A SR-19 is a fully stealth, long-distance, air superiority aircraft. Specifically designed as a patrolling, engagement, and neutralization apparatus for the entrenched border zone, it’s virtually silent under cruising speed, and ballistic in battle. At Mach 2, generated from dual RE-24 core-reactor engines, it delivers back-up to any skirmish, where its pin-point thrust-vectoring will out-maneuver nimbler vehicles, allowing it to reposition on both surface or air attackers. With a munitions payload including twin 20-caliber Gatling canons, 4 long-range Spurcer rockets, and 4 “Pucks” missile bays, paired with onboard aeronautics, including visual recognition software, used for complicated, tightly-timed flight maneuvers, the SR-19 can single-handily annihilate enemy encampments, provide cover fire for ground ops, and, if you believe the top brass, be the sole armament necessary to win the war.
It’s the United Earth Military’s finest jet fighter, and it’s important you know all of this.
Because I’m about to die in one.
The enemy fire lays in by surprise.
The com-net momentarily ablaze in grunts, the cool silence of execution follows. Blue Team, my squadron, breaks into tight formations of two, surveying the midnight skies for our attacker, one of our own already a flaming wreck, tail spinning in a mess of explosions that balloon to obliterate the aircraft, incinerating a man I used to know pretty well.
Priority one is to get organized. Be a team.
First, I listen.
“Command, this is Blue 4. Blue 5 is down. Roll recovery vehicle, over.”
“Blue 4, this is Blue leader, I got no response from the ground.”
“Blue leader, this is Blue 2—radar’s a negative. I got nothing on the target.”
“Blue team, stay alert. Whoever sees him, report in.”
We were warned a situation like this could happen. It’s one of those eventualities that, at the time, felt slightly preposterous. You can imagine a fight at a numerical disadvantage, or facing superior fire power, you can imagine rationing of food or water or medicine, but you never quite imagine this—because you’re a trained airman, you’re a fighting machine, you’ve practice day-in and day-out, you’ve dreamt it, you’ve feared it, you’ve occasionally desired it, and so while death is an acceptable hazard, you’ve always believed you would mount a formidable defense. No good squadron ever really considers that they’ll be blind, picked off one-be-one.
Like what’s happening to my wing mate, Blue 3.
A bright light fires from nowhere. On a jarring path, like a lighting bolt, striking a hole straight through the belly of aircraft, the loss of aero capsizing it, the force ripping it in two. Half my night-vision is blinded by the bolt, and what remains loses clarity in the explosion, and I barely make-out the faint imprints of his ejection, seeing no indication of his parachute, simply the slight trace of increasing velocity, on a collision course to the ground.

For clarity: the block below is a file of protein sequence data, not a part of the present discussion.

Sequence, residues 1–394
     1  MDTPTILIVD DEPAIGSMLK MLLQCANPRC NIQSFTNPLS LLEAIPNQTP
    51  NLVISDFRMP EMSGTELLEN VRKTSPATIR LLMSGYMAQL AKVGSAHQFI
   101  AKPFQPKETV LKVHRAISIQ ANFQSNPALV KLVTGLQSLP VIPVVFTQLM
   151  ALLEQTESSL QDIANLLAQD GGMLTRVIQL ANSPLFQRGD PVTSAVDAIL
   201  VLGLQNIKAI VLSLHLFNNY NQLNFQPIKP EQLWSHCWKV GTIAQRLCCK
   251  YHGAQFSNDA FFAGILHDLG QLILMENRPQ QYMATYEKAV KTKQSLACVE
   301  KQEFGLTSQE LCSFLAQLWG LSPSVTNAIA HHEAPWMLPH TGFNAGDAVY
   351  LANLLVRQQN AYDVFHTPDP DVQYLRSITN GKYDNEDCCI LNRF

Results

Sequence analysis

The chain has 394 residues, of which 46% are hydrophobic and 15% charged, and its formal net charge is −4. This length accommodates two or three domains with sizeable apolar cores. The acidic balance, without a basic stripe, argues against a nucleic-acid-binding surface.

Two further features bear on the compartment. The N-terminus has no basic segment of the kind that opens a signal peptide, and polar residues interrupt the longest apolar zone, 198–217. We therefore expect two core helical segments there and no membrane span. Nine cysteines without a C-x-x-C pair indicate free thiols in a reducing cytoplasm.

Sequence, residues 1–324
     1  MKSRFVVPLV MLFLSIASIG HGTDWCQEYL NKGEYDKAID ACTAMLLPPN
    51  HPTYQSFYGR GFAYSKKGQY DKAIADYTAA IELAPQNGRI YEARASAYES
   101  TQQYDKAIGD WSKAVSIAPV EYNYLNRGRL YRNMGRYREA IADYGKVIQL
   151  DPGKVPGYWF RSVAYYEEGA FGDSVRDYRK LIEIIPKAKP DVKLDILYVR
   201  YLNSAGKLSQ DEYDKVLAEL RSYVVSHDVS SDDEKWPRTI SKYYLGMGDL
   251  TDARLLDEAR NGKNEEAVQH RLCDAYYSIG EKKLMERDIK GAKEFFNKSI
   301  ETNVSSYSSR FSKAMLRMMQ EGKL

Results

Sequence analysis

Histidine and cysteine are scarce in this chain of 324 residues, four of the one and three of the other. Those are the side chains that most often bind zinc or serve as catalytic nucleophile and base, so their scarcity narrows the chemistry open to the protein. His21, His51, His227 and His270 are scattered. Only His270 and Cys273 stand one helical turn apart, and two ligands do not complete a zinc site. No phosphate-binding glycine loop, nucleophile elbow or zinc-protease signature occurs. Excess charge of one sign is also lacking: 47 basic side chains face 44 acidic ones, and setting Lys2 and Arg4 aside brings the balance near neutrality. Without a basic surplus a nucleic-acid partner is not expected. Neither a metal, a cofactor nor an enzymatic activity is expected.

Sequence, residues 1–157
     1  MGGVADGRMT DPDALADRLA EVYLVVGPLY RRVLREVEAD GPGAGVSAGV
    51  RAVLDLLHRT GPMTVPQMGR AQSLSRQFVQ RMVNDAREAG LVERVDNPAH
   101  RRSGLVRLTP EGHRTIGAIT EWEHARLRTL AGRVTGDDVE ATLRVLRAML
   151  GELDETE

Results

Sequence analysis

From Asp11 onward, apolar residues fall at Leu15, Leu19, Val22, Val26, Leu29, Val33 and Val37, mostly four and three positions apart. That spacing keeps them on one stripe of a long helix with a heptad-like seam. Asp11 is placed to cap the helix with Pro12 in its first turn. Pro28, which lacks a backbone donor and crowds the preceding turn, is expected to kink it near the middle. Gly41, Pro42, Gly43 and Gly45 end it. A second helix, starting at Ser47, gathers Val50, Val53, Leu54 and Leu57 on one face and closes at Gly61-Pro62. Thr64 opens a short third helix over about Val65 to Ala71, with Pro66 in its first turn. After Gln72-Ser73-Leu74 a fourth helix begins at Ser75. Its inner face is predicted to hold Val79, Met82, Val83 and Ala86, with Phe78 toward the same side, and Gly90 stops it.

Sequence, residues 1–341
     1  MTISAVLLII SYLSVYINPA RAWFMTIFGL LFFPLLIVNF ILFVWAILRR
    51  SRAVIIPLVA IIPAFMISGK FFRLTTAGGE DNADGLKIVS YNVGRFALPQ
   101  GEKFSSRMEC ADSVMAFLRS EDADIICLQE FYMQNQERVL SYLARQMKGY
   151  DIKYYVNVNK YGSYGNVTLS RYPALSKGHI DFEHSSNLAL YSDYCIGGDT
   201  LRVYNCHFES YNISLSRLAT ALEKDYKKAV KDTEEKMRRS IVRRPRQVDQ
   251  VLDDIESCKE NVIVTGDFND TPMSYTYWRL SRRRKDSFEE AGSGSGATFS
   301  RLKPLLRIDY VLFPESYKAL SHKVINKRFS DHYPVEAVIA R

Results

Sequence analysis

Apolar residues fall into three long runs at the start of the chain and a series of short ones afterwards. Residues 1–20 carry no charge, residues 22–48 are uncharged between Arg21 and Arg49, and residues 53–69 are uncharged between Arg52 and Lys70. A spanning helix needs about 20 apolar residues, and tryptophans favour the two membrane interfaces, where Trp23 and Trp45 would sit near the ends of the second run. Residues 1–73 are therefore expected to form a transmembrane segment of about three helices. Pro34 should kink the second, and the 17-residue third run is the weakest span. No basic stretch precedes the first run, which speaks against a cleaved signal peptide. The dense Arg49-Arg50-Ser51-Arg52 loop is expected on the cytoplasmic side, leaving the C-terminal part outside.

Him, I knew better.
My turn to speak. “This is Blue 4, Blue 3 is down.”
“Roger, Blue 4, location of target?”
I want to say that I know. I want something to shoot. “Negative, Blue leader, I have no target.” Like everyone else, my radar is useless, and all other sensory equipment, the infra-red, the thermal imaging, is pinging back normal. That’s when I notice something even worse. “Blue leader, the ground is black, all power is out. Are we still negative from command?”
“Roger that, we are negative from command.”
This is when you assume command is gone, and you’re all that survived.
I toggle my night-vision, and the black is all-consuming to my naked eyes. With ground power compromised, I lose the location of the horizon, my fighter veering. My displays go active, flashing locational coordinates for an unknown object, then calculating several programmed escape patterns to elude the aircraft, including a list of re-engagement opportunities.
“Blue leader, they’re check 6 at X-46, 39-delta.”
Blue leader is quick. “Blue team, go hot—peel off and engage!”
All right, now we do our ass-kicking thing.
The SR-19s roar in aggression, each taking a different course to engage the target, some directly, others attempting to flank, all of us out of our line of fire. I jink out of possible engagement, bringing my aircraft around. Using voice commands, I tell the onboard AI of my simulation selection. It fine-tunes the fighter for optimum operation in a micro-second, the weapons bays recede, the weapons safety released, the go-symbol green as the engines kick. I see the others. I don’t need to talk with them. For all our disagreements, as individual persons, when it comes to the skies, none of us are surprises to the other.
We fly like a unit. We kill without remorse.
And something is wrong.